Bolivia military says won't 'confront' the people as pressure on Morales builds

LA PAZ (Reuters) - President Evo Morales faced rising pressure to resolve a weeks-long standoff over Bolivia’s disputed election on Saturday after police forces were seen joining anti-government protests and the military said it would not “confront the people” over the issue.

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Morales’ government decried a “coup” against him by what it called “violent groups,” prompting a number of fellow leftist leaders in the region to rally around him and call for a peaceful resolution to the crisis.

Morales, Latin America’s longest-standing leader, won an election on Oct. 20, but a delay of nearly a day in the vote count sparked allegations of fraud and led to protests, strikes and road blocks.

On Friday night and Saturday, local television showed and Reuters reporters witnessed police in several Bolivian cities marching alongside protesters in apparent acts of disobedience and joining chants regularly used by the opposition.

Adding to the pressure on Morales, the Armed Forces said in a statement on Saturday “that we will never confront the people to whom we have a duty and we will always ensure peace, coexistence and the development of our homeland.”

“We are in decisive days and even hours for the destiny of the country,” Carlos Mesa, the runner-up in the October vote, told reporters.

In a tweet in the early hours of Saturday, Morales repeated accusations that the opposition was organizing a coup against the state. The foreign ministry released a statement saying some police officers had “abandoned their constitutional role of ensuring the security of society and state institutions”.

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At a news conference later in the day, Morales called an urgent meeting with the four political parties represented in parliament. By Saturday afternoon, at least two opposition parties had rejected Morales’ invitation and one had accepted.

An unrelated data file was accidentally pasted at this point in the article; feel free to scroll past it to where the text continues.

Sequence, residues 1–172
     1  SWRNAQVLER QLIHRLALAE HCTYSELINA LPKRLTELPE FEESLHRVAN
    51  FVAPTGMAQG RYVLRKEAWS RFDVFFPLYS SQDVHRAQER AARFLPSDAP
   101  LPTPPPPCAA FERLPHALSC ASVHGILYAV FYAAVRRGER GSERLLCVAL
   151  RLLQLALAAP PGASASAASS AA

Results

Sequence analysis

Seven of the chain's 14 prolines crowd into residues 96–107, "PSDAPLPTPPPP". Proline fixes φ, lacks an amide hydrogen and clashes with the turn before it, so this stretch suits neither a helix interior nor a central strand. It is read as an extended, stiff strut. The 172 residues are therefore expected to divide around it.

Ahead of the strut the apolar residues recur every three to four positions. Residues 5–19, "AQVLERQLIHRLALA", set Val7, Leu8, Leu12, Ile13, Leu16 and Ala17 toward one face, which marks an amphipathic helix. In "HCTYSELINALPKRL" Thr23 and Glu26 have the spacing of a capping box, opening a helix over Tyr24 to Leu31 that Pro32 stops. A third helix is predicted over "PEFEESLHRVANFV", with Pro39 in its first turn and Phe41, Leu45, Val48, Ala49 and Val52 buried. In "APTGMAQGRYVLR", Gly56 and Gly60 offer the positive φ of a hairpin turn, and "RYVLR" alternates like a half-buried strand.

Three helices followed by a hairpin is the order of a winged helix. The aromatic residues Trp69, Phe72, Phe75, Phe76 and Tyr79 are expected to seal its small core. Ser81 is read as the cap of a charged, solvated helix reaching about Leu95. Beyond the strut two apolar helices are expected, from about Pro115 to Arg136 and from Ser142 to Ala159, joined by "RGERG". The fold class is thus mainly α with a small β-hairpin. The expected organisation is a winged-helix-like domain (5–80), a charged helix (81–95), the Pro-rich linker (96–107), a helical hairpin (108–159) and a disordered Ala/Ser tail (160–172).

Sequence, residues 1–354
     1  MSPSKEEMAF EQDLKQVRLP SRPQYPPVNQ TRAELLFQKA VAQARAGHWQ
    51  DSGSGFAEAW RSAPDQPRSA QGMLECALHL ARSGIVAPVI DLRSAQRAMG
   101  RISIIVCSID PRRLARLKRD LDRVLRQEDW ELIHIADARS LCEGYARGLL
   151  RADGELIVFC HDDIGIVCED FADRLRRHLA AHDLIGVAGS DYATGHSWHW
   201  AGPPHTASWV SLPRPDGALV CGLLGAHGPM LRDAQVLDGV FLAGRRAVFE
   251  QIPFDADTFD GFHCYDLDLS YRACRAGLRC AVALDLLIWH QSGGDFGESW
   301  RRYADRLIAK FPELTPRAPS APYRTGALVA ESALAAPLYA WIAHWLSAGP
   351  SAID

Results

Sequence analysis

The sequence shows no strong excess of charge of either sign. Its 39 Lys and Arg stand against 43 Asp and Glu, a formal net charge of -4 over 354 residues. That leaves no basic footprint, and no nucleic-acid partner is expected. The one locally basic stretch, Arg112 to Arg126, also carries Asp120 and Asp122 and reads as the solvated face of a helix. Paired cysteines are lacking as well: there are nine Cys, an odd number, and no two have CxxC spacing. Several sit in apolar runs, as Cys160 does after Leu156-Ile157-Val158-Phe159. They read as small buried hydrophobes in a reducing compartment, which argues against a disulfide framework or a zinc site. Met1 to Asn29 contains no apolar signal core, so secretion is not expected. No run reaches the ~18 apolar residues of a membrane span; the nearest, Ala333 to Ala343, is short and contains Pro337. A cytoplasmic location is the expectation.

The president said he would also invite international organizations including the Vatican, the United Nations and the Organization of American States (OAS), which is conducting an audit of the election.

Mesa and Luis Fernando Camacho, a civic leader from the eastern city of Santa Cruz who has become a symbol of the opposition, reiterated their calls for Morales - the country’s leader since 2006 - to step down.

“What we want here is to unite all Bolivians in a single cause. We want President Evo Morales to leave,” said Camacho, who plans to lead a march to the government palace on Monday with a symbolic resignation letter for the president to sign.

Amid ongoing clashes between pro- and anti-government supporters, the European Union said that “violence must be avoided” as it would not help solve the crisis.

“The solution can only be achieved through peaceful negotiations, a credible electoral process that guarantees respect for popular will and strong democratic institutions,” it said in a statement.

A number of left-leaning leaders in the region backed Morales on Saturday, including Venezuela, Cuba, Mexico and Argentina’s Peronist President-elect Alberto Fernandez.

“For Mexico, democracy is the only way and replacing this process with force and violence means a setback,” that country’s foreign ministry said in a statement. “The Government of Mexico urges dialogue, as President Evo Morales has put it.”

Venezuelan President Nicolas Maduro tweeted: “We denounce before the world the attempted coup d’etat in progress against the brother President Evo Morales.”

Reporting by Daniel Ramos; Additional reporting by Sharay Angulo in Mexico City; Writing by Cassandra Garrison; Editing by Frances Kerry, Andrea Ricci and Sonya Hepinstall